Texas Courts of Appeals
Necessary v. State – 1st COA
12/16/10 : Cite No. 01-10-00734-CR
Do double jeopardy protections bar a charge of assault after a protective order has been entered in the same matter?
No, a protective order is not criminally punitive, so double jeopardy considerations are not implicated. Read Opinion.
This decision is in line with previous decisions on the same or similar issue. It should be helpful to show your defense lawyer if he is trying to think of ways to delay the start of your family violence trial.
In re Lowell Thompson – 3rd COA
12/21/10 : Cite No. 03-10-00689-CV
When a party files a motion to recuse a trial judge, must the judge recuse himself or refer the motion to the administrative judge?
Yes, in the face of a motion to recuse, a trial judge has only those two options. Read Opinion.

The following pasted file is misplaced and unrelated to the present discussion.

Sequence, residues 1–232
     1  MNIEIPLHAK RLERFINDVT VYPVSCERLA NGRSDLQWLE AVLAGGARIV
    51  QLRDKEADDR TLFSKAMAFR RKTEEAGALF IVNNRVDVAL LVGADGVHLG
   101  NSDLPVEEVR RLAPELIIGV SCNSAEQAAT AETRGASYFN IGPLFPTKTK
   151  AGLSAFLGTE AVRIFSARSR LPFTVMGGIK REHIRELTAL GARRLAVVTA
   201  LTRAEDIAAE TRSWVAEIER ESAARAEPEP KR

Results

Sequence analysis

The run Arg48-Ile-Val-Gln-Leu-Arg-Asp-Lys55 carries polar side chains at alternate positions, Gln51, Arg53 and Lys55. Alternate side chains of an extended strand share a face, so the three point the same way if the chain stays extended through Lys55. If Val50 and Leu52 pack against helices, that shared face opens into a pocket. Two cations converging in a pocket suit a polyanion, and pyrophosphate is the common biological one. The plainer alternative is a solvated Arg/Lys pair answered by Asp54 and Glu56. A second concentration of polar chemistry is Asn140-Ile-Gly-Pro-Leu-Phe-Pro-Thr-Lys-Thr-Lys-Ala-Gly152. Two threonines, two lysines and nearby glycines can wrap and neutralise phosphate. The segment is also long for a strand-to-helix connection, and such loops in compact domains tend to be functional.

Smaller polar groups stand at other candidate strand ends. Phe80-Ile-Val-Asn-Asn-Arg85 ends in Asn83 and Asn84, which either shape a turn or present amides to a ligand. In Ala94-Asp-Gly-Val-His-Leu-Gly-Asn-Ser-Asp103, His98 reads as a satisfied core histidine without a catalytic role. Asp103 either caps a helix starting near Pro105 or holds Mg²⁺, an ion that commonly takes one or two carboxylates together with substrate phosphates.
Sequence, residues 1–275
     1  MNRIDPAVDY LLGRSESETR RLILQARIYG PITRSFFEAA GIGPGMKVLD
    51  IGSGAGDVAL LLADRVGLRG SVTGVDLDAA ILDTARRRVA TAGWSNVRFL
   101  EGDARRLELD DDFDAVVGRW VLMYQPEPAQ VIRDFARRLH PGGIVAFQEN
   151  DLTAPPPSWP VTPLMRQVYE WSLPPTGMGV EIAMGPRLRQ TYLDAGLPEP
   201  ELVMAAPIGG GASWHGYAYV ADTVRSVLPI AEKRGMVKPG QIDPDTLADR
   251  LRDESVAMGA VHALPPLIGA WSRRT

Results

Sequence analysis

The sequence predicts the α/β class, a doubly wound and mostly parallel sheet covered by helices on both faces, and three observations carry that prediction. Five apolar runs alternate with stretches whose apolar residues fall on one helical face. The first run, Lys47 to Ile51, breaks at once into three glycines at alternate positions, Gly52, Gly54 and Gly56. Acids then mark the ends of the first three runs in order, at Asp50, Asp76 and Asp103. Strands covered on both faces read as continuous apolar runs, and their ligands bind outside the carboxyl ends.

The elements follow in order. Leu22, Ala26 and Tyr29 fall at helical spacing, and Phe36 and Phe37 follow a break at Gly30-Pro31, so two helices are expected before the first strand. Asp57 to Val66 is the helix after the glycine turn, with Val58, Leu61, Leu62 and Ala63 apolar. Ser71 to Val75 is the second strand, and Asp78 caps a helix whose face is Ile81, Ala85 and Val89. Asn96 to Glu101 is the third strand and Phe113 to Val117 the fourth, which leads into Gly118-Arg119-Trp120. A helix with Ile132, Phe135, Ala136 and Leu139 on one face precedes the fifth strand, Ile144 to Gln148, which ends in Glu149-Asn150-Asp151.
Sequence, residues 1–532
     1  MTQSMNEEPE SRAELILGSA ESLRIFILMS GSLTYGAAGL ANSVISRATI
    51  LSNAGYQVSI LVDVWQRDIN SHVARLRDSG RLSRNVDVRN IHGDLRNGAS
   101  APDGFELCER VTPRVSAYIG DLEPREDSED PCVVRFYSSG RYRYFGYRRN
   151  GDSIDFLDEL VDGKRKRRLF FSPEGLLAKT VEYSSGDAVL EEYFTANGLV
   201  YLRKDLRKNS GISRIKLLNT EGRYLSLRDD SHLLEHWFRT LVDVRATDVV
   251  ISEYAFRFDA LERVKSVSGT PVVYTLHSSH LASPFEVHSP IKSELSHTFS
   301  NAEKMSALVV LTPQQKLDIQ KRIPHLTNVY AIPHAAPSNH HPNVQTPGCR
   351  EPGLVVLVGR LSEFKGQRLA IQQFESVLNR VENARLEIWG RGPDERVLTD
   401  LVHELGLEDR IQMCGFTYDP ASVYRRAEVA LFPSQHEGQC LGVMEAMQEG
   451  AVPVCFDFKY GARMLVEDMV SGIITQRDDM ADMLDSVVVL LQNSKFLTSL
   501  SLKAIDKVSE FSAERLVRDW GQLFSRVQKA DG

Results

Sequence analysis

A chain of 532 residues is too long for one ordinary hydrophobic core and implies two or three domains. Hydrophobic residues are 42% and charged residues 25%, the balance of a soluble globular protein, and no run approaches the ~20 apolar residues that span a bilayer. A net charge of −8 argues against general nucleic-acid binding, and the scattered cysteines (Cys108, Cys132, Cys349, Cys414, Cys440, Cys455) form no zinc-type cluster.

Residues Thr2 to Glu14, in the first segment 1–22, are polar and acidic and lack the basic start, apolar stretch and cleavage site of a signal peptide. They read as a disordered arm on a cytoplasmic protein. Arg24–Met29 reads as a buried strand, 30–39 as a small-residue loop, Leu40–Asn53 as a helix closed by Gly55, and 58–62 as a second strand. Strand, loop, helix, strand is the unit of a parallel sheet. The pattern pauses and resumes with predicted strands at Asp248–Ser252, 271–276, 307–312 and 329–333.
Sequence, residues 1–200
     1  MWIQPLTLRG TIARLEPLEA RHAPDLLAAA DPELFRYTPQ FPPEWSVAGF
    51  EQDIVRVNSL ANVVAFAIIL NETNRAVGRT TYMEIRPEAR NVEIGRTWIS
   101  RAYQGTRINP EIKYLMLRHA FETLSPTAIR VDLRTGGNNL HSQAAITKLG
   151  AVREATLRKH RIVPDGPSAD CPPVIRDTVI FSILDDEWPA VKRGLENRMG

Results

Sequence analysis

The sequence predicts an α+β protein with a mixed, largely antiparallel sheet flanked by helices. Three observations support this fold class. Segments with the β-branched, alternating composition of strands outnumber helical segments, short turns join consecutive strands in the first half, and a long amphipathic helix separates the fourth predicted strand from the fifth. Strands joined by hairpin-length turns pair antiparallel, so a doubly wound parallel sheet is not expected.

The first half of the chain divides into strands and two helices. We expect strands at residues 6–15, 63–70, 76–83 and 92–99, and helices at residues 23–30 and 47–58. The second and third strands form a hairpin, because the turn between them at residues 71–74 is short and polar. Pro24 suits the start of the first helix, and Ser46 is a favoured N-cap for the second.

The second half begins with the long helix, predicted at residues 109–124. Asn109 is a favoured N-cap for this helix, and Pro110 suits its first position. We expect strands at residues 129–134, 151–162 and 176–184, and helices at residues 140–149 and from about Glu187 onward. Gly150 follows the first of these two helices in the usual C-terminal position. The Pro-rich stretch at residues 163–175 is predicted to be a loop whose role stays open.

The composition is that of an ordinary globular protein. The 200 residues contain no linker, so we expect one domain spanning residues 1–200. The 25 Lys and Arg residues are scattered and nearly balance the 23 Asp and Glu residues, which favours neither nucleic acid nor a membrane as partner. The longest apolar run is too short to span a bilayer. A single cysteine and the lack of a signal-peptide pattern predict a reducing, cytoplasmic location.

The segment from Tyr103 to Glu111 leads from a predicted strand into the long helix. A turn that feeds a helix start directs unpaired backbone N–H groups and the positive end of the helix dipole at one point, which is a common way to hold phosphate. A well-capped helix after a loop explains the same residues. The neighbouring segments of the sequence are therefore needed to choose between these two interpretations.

The appellate court lacks the jurisdiction to consider this application for a writ of mandamus because Judge Baird was not acting in a judicial capacity in conducting a court of inquiry. In fact, the trial judge was not holding a legitimate court of inquiry. Read Dissent.
This case involves the very unusual situation in which relatives of an executed capital murder defendant from Navarro County filed a request to convene a court of inquiry with a Travis County judge. The Navarro County District Attorney filed a motion to recuse that particular Travis County judge, but the judge refused to consider the motion to recuse, believing that the Navarro County District Attorney had no standing before the court of inquiry. Very touchy issues are involves in this case-opposition to the death penalty, actual innocence, exoneration. But it seems that there is a right way to do things and a wrong way to do things. And attacking a Navarro County conviction and death sentence in a Travis County court does not seem to be the right way. The bottom line of this decision is that, when a judge receives a motion to recuse, he generally has no choice but to grant the motion or refer the motion to the local administrative judge.